3 tips 3 countries !
We recently had visitors, the weather was excellent and Colmar was our desired destination for the day.
The third largest city in Alsace is home to countless sights, many beautiful places, picturesque houses and cultural treasures, the list of which would become too long here.
I will therefore limit myself to three, all of which have to do with other countries.
1.) Colmar is a little bit of Italy:
Petite Venise - (Little Venice).
Along the river Lauch, in the southern part of the city centre, the numerous half-timbered houses have been built facing the water, just like in Venice. Small bridges decorated with flowers lead us across the river. But the colourful facades of the half-timbered houses quickly make clear that we are here in Alsace. There are wonderful photo motifs here.
In Petite Venise, numerous small restaurants and cafés tempt you to take a break.
If you want to escape the hustle and bustle of the city for a while, you can rent a boat. These sail along the Lauch and offer a completely new perspective on the city.
2.) Colmar is a little bit of the USA
Did you know that the Statue of Liberty comes from Colmar? It was a gift from the French to the USA. The Alsatian sculptor Auguste Bartholdi (1834-1904) designed and built the statue. Musée Bartholdi contains models and smaller replicas of it. It is also the birthplace of the artist.
In the Choco-Story Colmar chocolate museum you will even find a model made of chocolate!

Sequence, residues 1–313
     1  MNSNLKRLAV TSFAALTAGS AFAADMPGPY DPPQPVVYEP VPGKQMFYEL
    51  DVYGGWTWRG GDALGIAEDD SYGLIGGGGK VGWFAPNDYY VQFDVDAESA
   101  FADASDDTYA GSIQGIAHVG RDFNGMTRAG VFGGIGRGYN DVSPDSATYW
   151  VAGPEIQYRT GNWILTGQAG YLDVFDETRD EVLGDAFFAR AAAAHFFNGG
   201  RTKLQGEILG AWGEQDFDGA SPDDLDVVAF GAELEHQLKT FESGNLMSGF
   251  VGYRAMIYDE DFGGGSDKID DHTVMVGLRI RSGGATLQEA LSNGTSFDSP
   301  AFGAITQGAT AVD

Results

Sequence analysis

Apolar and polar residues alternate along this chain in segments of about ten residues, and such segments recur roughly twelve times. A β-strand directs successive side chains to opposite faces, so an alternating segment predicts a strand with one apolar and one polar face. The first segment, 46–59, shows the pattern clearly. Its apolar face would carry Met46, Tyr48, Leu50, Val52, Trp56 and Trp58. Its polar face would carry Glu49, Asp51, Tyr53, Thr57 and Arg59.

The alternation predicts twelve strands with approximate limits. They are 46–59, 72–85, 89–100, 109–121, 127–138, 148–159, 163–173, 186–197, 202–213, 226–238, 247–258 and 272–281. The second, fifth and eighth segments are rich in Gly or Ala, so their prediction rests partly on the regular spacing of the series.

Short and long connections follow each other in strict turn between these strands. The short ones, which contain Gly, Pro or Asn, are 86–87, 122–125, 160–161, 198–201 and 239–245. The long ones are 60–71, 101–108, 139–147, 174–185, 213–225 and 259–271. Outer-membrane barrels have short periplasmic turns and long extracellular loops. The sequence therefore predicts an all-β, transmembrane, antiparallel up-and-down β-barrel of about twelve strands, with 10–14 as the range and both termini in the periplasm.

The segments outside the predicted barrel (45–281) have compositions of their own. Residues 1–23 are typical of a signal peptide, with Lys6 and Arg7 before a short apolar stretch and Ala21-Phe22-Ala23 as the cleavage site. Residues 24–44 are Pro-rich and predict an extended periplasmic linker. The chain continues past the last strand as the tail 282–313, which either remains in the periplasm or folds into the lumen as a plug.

And if you want to see a 12 m high copy, go by car to the roundabout at
Route de Strasbourg No. 45.
Bartholdi also built the Schwendi Fountain. It depicts Lazare de Schwendi, a former French general who according to legend, brought the first Tokaj vine from Hungary and thus promoted viticulture in the region. This is evident from the vine the sculpture holds. This brings us to the next point.
3.) Colmar is a little bit of Germany
Colmar is considered the capital of Alsatian wine and is located on the Alsatian Wine Route. It is the only region in France where it has always been normal to write the respective grape varieties on the labels of the wine bottles. This is not usually the case for quality wines in France. It´s connected with the eventful history of Alsace, as the region belonged to Germany from time to time in the past, and the habit of cultivating the wine from one grape variety as a rule, also writing the grape variety on the label, dates from these times.
Strolling through the streets of the city, you will see German words on the facades from time to time, even some street names still bear witness to those troubled times.
Fortunately, however, the region is now part of France, so not only can you drink wonderful wines here, but you can also enjoy the fantastic French cuisine.
There are many typical dishes in Alsace like: Flammkuchen, Baeckeoffe, Sauerkraut, Münsterkäse or even Kougelhopf to name a few. You can find them in numerous restaurants.
But if you want to eat something different, here is my secret tip a little off the beaten track, but within walking distance: A delicious cuisine, where also vegetarians will find something, is combined to create delicious menus. The blue interior with its cosy furnishings is unusual, but very tasteful. You simply feel at home here.
Restaurant le 20ième Colmar
For all other ideas about Colmar: https://www.visit.alsace/en/colmar/
And if you want to explore the city on your own, always follow the sign on the ground:
The guide will take you past all the points of interest. A map explaining the points is available at the Office de Tourisme.
And another tip:
The Christmas markets in Colmar are worth a visit. Christmas markets are set up in many places in the city center. The whole city is decorated for Christmas and it smells of gingerbread and mulled wine.
It starts at the end of November and usually continues through the Christmas holidays.
And now it's your turn: What tips do you have for the city?